Our homes are (or should be) our safe space. The process of spending time to create that family space, to nest, should never be underestimated. And, although I can’t show you a 40wk bump with pregnancy glow, I can show you a little squidge of a baby. I’ll spare you my exhausted face though. For now.

What’s in a name?

What’s in a name?

I’ve never really had an issue naming things. I had my children’s names all ready for when they were born. Jotted down at the back of my diary just in case I forgot?! The cats, the dog. They were all named within minutes. 

But naming my business? Well, that’s a whole different story. Just ask my husband, children, sister and graphic designer. They all became implicated in what became a relatively painful process! The trouble was, because it didn’t come instinctively, the more I thought about it and the harder it became. I’d wake up in the middle of the night with a brilliant idea, only to google it and find out someone else had got there before me.

When I first set out on my own I used my own name. Well, my first and middle name. My surname was just too long and awkward to do anything with. It kept it personal and, ultimately my business is me, so it made sense for it to take my name. 

Over the years, my business has grown, I’m growing a small and informal team around me and it feels time to up my game. I wanted to create space for development. And although I don’t hold anything against my parents, I just don’t really like my name. Or rather, I don’t like being called Caroline Ann which is what started to happen. Caroline I’m fine with, but not my middle name too. 

So I decided to find a new business name. How difficult can that be?! 

I wanted a studio name which was modern, authentic and expressed what I do. Ultimately (hopefully without sounding too pretentious) as an Interior Designer I create homes and spaces which tell the client’s story. Through my blog I tell people’s stories; whether that’s the story of design, the story of brands or small businesses or my story. The concept of storytelling seemed fitting. 

So I had the concept. But the exact name was a little trickier to pin down. Eventually, with a little help from my graphic designer (@lauracrompton) Storylines was born. In Laura’s beautifully succinct way, she described the heart of a story as the storyline, the narrative, and that is exactly what I replicate in designing the interior. I also like the architectural reference to lines.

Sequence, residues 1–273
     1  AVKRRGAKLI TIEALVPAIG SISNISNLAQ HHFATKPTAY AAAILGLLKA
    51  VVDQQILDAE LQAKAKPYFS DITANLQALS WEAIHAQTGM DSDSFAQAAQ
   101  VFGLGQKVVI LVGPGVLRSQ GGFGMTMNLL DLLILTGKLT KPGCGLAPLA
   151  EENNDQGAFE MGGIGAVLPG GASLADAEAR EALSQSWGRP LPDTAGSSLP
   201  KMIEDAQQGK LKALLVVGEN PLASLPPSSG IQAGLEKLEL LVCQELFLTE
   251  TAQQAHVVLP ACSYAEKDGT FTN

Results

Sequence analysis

Although the studio no longer carries my name, I’m still there, behind the brand, articulating the stories. Storylines is just the next chapter, I do hope you’ll keep reading…

Design Edit: Guest Bedroom

Design Edit: Guest Bedroom

So you’ve done your Christmas shopping, ordered the turkey, and sent the Christmas cards. Of course you have! But have you sorted the guest bedroom for all the lovely family and friends you’ve got coming to stay over the festive season?!

As much as I love a full house, I’ve declared no room at the Inn for us this year (with the kids, the dog and the cat we already resemble a zoo)! There’ll be plenty of folk coming in and out for dinner and drinks, but we’re not hosting anyone to stay. However, if you are and your guest room needs a little refresh, then here’s a handy edit for you. All you need to create a welcoming room for those festive friends.

#1 My absolute favourite. Linen bedding does not get any better than this. And just look at this deep teal. £155 for a King Size duvet cover, from Piglet in Bed

#2 Of course you make your guests a cuppa in the morning, yeah?!! Well, if you’re feeling generous, this pot for two is just divine. Celine Tea for Two from Anthropologie

#3 Nothing beats listening to the radio in bed (although perhaps that just shows my age). Anyway, this Roberts Radio looks the part too, £100 from Urban Outfitters

#4 I first discovered Charlotte Rhys products when I was in South Africa and I use their Pillow Spray every night. Utterly gorgeous scents, now available to buy in the UK. £17 from Charlotte Rhys

#5 If you don’t have a chunky knit blanket you need to get on to it! Mizz Knits has the most fabulous range of colours to choose from and, although you may have missed the cut off for bespoke blankets, there’s time to get a couple of cushions to add a pop of colour to your guest room. Blanket prices vary but chunky knit cushions are £40 from Mizz Knits

# Nothing gives your guests the green light to relax and snooze-in like a pair of sloths. So cute! Sloth garden pot, £42 from Anthropologie

Design Edit: Bar Trolleys

Design Edit: Bar Trolleys

Is it really Christmas until the Bar Trolley is fully stocked?! The perfect entertaining companion, and a fabulous opportunity for a bit of festive styling, the Bar Trolley is your Christmas friend.

So, if you’re in search of the perfect bar trolley for the holiday season, then look no further. Below I share my top picks, all of which (at the time of writing) are still available for delivery before Christmas.

#1 Swoon worthy to say the least. Make a statement with this circular brass bar trolley, £375 from 

#2 No one said bar trolleys have to be shiny. Work the industrial look with this cool trolley from (£155)

#3 But if you want glitz, then here it is. Just look at those curves. £375 from

#4 Stunning art deco style, with a gorgeous green marble top, £249 from

#5 Now isn’t this fun?! A mix of ash wood, yellow leather and rust coloured metal. Yes please! £399 from

#6 Or keep it elegant with this stunning gold drinks trolley from